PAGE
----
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I have a out-of-proc COM server which has two ATL COM objects . object1 exposes an interface which internally creates object2 and returns an interface pointer to it in following way:

HRESULT CObject1::CreateObject2(IObject2** pIobj2)
{
    CComObject<Object2>* pObj = NULL;

    HRESULT hr = CComObject<Object2>::CreateInstance(&pObj);

    hr = pObj->QueryInterface(IID_IObject2,(void**)pIobj2);

    //Some reason i need to store this pIobj2
    (*pIobj2)->AddRef();

    return hr;
}

Object1 exposes another interface to remove object2

HRESULT CObject1::RemoveObject2(IObject2* pIobj2)
{
    pIobj2->Release(); //This to compensate QI done in CreateObject2

    pIobj2->Release(); //This to compensate addref done to store in create
}

My requirement is that the client should not call Release on the IObject2 pointer anywhere after IObject1::CreateObject2(). To destroy object2 it should call IObject1::RemoveObject2().When I execute the client, after RemoveObject2, object2 is not destroyed, however when I call release on the Iobject2 pointer in client after RemoveObject2 , the object2 gets destroyed.

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This is not okay. There's still a proxy on the client side that has a non-zero ref count. You cannot make this work in a reliable way beyond notifying the client through an event that it should call Release(). –  Hans Passant Jan 15 '13 at 19:33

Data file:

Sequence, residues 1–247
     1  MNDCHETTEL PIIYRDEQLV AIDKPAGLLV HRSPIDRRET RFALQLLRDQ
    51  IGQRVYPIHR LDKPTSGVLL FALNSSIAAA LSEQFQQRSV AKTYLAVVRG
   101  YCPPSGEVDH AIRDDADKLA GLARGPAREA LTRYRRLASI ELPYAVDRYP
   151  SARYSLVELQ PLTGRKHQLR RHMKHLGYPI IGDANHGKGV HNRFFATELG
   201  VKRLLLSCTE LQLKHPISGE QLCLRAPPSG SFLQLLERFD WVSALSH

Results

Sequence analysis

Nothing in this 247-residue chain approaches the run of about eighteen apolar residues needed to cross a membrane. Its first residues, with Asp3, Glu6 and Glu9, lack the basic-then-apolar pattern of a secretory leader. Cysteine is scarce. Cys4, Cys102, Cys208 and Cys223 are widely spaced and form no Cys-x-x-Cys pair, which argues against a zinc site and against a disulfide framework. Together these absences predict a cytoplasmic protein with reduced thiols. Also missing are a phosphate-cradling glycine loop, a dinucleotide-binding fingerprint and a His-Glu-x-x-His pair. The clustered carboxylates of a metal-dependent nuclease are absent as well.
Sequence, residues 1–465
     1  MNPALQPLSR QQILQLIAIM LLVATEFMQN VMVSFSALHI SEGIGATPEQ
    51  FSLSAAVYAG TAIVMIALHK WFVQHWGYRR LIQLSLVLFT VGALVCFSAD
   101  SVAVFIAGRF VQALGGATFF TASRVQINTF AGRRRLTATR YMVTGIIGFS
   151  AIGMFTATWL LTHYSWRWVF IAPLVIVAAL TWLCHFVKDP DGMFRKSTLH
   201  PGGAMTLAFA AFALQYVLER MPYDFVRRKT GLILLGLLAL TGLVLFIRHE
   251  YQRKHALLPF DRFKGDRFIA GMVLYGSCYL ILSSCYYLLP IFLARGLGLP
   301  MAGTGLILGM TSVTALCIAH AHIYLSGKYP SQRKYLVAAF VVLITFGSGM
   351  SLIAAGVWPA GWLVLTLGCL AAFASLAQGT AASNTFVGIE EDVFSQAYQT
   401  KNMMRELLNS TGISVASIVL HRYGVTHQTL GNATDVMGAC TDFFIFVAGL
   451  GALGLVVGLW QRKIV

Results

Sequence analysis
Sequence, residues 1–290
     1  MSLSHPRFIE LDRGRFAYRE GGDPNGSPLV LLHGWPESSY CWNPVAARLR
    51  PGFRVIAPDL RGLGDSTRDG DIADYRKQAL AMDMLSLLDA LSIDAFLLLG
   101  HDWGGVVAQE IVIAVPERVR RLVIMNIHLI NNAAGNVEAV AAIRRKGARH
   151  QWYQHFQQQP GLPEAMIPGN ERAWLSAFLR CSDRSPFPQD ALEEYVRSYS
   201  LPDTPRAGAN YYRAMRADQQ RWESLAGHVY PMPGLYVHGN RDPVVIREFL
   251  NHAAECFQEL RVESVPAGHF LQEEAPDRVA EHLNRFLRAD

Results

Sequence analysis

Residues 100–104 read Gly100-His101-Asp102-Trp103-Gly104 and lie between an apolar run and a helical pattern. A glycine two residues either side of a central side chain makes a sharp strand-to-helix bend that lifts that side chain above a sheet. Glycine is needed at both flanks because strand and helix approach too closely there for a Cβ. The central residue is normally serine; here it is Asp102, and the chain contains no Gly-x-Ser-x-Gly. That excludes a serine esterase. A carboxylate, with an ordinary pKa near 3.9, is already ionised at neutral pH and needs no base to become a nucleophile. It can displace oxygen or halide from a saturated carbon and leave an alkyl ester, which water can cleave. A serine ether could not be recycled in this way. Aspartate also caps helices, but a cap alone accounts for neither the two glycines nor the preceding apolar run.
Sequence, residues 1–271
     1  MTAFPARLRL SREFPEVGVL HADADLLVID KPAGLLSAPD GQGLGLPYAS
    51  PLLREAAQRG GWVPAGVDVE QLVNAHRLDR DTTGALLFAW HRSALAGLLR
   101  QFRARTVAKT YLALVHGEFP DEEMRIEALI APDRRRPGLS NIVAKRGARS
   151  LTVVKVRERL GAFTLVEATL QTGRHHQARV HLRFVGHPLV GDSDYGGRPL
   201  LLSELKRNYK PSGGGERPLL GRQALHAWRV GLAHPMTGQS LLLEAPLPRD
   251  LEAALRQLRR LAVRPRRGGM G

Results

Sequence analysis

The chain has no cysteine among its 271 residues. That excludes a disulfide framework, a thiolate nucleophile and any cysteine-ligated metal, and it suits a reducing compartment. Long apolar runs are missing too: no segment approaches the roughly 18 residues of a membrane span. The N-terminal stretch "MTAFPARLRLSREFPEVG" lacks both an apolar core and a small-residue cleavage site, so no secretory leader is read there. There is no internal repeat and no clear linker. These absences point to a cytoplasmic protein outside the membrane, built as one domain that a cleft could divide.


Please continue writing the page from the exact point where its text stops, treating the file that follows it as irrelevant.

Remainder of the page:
@HansPassant: Thank you for the reply. So in other words the refcount at client side is different from the refcount which is present at server side and Client has to call release always irrespective whether server is managing its own refcount. Please let me know if my understanding is correct. Thank you again. –  Shank Jan 16 '13 at 4:15

1 Answer 1

Life cycle management in out of process COM object is much more complex than in-proc. For example, the system has to take into account that the other party may die (for example, the server should clean up resources allocated for an object, if the client process has died without a Release). For this Microsoft has a DCOM garbage collection.

There are indeed two COM objects, on the client (proxy) and on the server (stub). The proxy maintains its own reference count, and your code confuses this reference count, since you release a reference count of object 2 on the server - information that will not get to the client.

I strongly encourage you to change your architecture. For one, the COM contract is that the way to release object is with the Release method. That's the contract, and your design changes it, and this is why you get DCOM confused.

I think a better design would be:

  1. In Object2 keep a reference to Object1 (say, m_pobj1)
  2. Do NOT have Object1::RemoveObject2. Instead have a private (non COM) CleanupObject2, if you need to do some work.
  3. Implement Object2::FinalRelease (the cleanup method of Object2), and call m_pobj1->Cleanup[Object2(this)
  4. Remember, that if you need to keep pointers to obj2 within obj1, make sure these are weak references. That is - just pointers - without adding a reference count.

Clients call Object1::CreateObject2 and get a reference to obj2. When they are done, they will call obj2->Release(), and will clear the reference count, and call obj1->CleanupObject2 method.

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Thanks a lot.This helped to shed some light on my COM understanding. –  Shank Jan 21 '13 at 18:00

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